How Long to Use Direct Ice

Discussion in 'Health & Fitness' started by jon44, May 31, 2008.

  1. jon44

    jon44 New User

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    I've got a lot of joints that benefit from icing after playing tennis and I've found the most reliable way to have access to ice is to use "Ice-Up"--which is a commercial version of ice in a styroafoam cup. In the interests of time efficiency, I'm wondering what people find to be the shortest amount of time to use direct ice and till get benefit.

    I suppose the rationale for going shorter than the time you'd use an ice pack for is that directly applying the ice is much for efficient...

    Jon
     
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  2. bobbyb

    bobbyb Rookie

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    well at my school there is a trainers office and they say too do that for 10 minutes while ice packs for 20
     
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  3. BullDogTennis

    BullDogTennis Hall of Fame

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    go 15 minutes and take off 15 minutes and do that twice if you have the time...your "spot" whereever you put it will go numb after a few minutes and you'll hardly notice it, and you'll feel alot better.
     
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  4. obnoxious2

    obnoxious2 Semi-Pro

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    I keep it on until I can't feel it anymore. When you keep ice on for a few minutes you start feeling a burning sensation. Fight through it and then it'll feel nice and numb.
     
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  5. scotus

    scotus Legend

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    15 minutes is good.

    There are some who say that icing for more than 15 minutes results in vasodilation.
     
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  6. Ronaldo

    Ronaldo G.O.A.T.

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    With an achilles injury used ice in a dixie cup for 10 minutes, then massaged the achilles, re-iced another 10 minutes to supposedly promote healing thru increased blood-flow. That and a couple cortisone shots worked well.
     
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  7. fantom

    fantom Hall of Fame

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    You can also burn your skin if you apply direct ice for too long. I've seen some pretty nasty pictures of this.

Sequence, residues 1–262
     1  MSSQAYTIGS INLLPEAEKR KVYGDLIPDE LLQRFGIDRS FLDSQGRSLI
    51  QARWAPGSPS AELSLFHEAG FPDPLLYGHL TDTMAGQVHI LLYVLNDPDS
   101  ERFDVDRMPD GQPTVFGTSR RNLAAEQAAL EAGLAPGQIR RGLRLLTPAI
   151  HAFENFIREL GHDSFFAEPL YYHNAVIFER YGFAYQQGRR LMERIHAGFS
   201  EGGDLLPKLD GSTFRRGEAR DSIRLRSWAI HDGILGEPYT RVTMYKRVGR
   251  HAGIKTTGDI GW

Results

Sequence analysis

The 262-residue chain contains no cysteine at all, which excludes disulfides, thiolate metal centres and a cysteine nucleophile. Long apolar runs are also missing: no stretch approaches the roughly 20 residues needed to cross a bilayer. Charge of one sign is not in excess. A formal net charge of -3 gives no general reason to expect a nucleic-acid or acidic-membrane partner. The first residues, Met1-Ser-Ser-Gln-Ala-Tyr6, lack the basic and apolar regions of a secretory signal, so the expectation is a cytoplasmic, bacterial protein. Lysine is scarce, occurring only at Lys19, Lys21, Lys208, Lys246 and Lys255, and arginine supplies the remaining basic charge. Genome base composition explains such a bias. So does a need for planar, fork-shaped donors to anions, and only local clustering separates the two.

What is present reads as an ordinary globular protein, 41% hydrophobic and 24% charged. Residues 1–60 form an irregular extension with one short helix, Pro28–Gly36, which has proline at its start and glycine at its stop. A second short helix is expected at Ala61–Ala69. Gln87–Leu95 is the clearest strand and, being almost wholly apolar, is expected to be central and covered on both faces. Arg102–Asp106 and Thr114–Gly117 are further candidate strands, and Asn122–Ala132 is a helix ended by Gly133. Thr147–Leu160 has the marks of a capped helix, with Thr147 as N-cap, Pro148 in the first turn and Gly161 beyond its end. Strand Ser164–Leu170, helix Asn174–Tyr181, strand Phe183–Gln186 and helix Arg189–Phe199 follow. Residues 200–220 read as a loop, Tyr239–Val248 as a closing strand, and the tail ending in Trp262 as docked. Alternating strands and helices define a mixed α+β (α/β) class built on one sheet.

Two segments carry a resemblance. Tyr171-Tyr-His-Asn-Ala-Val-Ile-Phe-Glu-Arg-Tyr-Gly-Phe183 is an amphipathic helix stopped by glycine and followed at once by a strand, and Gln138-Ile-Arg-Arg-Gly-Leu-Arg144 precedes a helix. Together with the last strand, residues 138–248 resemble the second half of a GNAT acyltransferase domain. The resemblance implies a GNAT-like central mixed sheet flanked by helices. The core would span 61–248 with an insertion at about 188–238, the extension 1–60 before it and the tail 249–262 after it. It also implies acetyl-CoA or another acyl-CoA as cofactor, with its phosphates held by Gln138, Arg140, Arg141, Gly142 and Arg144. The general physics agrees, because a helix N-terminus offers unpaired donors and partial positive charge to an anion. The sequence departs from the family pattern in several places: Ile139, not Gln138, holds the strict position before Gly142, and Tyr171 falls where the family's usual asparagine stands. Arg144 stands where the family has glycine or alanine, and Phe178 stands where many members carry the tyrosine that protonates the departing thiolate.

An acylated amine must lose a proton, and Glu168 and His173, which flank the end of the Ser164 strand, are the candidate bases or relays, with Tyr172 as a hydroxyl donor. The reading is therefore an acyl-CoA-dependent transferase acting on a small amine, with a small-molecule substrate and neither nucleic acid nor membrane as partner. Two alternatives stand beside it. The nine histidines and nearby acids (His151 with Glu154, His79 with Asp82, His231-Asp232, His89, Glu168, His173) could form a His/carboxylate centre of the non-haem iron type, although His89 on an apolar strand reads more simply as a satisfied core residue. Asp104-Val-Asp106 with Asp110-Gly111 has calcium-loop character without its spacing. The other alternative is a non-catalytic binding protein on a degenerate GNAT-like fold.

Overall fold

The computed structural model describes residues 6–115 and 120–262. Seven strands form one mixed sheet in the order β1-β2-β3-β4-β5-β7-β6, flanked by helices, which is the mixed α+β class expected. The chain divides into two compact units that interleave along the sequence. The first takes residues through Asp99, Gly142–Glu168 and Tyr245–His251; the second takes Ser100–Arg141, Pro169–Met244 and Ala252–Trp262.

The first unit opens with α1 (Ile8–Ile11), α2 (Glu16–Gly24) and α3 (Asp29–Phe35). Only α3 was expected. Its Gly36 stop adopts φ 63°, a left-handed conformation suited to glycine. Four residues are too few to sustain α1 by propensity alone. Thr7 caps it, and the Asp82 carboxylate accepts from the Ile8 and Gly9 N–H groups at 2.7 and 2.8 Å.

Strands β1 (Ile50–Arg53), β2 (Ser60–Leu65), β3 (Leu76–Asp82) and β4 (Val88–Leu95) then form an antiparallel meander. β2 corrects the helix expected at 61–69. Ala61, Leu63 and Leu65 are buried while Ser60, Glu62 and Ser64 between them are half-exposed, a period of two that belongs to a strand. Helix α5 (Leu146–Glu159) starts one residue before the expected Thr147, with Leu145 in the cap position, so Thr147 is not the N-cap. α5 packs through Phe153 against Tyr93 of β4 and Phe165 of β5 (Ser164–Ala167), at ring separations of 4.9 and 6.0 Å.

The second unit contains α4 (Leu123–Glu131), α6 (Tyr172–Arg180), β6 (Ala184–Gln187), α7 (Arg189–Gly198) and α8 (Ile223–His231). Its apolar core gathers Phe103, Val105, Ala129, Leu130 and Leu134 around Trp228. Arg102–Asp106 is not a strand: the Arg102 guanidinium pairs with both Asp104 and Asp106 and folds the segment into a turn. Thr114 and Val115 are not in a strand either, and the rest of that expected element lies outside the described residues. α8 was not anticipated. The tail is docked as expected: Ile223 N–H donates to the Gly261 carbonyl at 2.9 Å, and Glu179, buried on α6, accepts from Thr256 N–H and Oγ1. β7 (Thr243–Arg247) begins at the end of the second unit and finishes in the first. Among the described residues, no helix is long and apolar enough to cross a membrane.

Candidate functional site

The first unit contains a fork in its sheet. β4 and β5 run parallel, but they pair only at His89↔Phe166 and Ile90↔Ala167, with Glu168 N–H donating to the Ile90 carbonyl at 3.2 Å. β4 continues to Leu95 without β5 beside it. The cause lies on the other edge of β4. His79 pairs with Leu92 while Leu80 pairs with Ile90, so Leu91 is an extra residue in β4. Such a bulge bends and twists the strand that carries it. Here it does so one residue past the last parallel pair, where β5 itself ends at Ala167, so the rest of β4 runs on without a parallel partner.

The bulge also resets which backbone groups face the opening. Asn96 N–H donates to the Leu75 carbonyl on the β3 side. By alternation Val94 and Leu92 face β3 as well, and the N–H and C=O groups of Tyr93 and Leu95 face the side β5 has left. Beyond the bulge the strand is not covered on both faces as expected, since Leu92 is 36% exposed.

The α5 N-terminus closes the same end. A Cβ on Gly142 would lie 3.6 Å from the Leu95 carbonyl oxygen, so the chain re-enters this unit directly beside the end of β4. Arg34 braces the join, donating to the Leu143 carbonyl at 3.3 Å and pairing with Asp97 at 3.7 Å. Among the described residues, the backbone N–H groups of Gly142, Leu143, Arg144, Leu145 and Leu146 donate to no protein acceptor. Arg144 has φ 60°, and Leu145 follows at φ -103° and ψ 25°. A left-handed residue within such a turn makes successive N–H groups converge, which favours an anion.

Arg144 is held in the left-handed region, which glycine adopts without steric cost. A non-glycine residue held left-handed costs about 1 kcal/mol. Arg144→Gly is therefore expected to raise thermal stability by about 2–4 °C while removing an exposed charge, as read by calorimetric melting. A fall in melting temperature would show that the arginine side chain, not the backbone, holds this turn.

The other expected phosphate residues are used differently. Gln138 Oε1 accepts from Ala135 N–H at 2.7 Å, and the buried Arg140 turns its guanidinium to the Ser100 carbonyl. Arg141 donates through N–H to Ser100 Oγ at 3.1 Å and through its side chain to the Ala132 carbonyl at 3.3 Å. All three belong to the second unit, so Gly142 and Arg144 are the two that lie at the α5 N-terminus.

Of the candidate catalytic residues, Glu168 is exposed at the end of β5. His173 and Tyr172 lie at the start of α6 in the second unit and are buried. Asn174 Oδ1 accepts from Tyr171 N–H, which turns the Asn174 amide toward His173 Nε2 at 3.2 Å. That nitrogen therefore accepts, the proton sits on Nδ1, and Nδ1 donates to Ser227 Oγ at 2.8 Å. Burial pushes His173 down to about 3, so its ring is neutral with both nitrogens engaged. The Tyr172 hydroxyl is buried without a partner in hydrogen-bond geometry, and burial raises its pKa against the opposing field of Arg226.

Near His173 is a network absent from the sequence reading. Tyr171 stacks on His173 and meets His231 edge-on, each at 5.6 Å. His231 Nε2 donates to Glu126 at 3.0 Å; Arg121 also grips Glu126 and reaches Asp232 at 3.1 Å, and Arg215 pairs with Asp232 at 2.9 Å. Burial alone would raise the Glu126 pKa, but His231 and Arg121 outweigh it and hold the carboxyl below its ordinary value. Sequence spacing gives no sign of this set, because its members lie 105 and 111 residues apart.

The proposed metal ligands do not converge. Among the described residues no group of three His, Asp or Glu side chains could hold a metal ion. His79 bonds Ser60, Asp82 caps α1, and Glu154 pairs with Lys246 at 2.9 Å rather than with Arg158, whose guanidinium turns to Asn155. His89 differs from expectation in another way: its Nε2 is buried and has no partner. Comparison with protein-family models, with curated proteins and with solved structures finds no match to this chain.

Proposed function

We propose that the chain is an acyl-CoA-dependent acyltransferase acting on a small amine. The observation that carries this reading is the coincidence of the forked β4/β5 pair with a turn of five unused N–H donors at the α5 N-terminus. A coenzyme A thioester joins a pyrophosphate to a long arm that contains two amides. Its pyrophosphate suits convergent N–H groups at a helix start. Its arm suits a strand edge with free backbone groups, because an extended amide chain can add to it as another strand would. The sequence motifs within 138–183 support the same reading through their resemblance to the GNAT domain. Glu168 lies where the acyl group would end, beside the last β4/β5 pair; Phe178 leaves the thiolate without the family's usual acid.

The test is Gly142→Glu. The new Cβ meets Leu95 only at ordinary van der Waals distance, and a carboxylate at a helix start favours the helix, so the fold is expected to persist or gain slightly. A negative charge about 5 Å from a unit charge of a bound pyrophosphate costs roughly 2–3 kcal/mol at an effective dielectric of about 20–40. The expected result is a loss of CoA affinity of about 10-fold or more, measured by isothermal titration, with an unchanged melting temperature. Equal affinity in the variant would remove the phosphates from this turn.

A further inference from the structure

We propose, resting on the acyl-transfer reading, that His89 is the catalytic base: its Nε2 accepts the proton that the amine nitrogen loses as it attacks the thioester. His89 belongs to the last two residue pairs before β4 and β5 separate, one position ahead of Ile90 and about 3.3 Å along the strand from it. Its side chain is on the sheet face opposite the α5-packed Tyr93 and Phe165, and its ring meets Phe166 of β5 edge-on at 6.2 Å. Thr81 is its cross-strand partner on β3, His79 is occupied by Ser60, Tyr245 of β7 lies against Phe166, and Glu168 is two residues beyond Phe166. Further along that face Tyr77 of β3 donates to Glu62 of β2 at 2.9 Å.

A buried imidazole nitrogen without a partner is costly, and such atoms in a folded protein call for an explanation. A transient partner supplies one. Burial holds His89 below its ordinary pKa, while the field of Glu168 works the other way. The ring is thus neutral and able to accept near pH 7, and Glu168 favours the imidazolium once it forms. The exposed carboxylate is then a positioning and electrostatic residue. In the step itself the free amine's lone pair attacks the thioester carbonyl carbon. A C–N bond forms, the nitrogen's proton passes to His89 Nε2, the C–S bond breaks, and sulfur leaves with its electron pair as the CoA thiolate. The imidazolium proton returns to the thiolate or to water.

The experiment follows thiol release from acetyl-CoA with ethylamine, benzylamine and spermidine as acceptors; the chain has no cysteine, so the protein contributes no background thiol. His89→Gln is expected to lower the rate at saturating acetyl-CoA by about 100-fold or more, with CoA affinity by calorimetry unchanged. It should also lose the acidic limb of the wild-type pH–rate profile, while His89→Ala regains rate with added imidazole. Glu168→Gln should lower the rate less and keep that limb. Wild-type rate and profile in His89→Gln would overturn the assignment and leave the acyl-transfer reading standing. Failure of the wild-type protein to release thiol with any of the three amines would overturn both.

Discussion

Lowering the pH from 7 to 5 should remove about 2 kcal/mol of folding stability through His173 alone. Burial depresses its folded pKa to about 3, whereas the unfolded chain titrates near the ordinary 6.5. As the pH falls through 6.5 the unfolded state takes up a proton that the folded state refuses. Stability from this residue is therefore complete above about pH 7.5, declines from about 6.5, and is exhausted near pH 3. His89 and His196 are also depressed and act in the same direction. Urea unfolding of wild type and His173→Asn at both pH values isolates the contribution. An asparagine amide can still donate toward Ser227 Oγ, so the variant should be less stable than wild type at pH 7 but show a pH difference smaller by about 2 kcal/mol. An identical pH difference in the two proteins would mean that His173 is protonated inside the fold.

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  8. WildVolley

    WildVolley Legend

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    Long ago, my doctor said to never do more than 15-minutes of direct icing. I usually don't even ice that long before giving it a chance to rest. You don't want to damage the skin by applying direct ice for 40-minutes or something.
     
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  9. califsurferboy33

    califsurferboy33 Semi-Pro

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    yup yup yup yup yup
     
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  10. Say Chi Sin Lo

    Say Chi Sin Lo Legend

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    Done that. Some 6years ago, I twisted my ankle (it was a nasty twist) and I was in a lot of pain. My mentor was so worry about me (well he caused it, he made me run on that play), that he just put ice on my ankle without a towel or anything. I was in too much pain to worry about towels or whatever. I ended up leaving the ice on for nearly 40mins like WildVolley said (seriously, i was in that much pain).

    When i got home, my ankle turn bluish/purple. I thought it was just the discoloration from the sprain. Turns out, it was the beginning of frostbite and to make it worse, it got infected. I went to the emergency room in the middle of the night and had it checked out. When I got there, the doctor looked at the ankle with look: "wow... it takes a real genius to do this..."

    I was on crutches for a month and the infection went away after a couple of days. Yeah i admit it was a bad experience, but I dont blame my mentor at all, he was just worry and I was in too much pain to complain.

    Luckily, i walked away without any structural damage and there's no lingering effect.
     
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  11. Ronaldo

    Ronaldo G.O.A.T.

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    Good thing you have two ankles
     
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  12. SystemicAnomaly

    SystemicAnomaly G.O.A.T.

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    Whenever you apply ice directly to the skin, you need to keep it moving -- you should be massaging the area with an "ice cup' or something similar. As long as you keep it moving you should be able to apply ice directly to the skin for 10-15 minutes without any dermal or epidermal damage.

    Another alternative to the "ice cup" is so fill (80% full) a small water bottle with water and freeze it. You can massage to area with the water bottle without worrying about melting ice making a mess.
     
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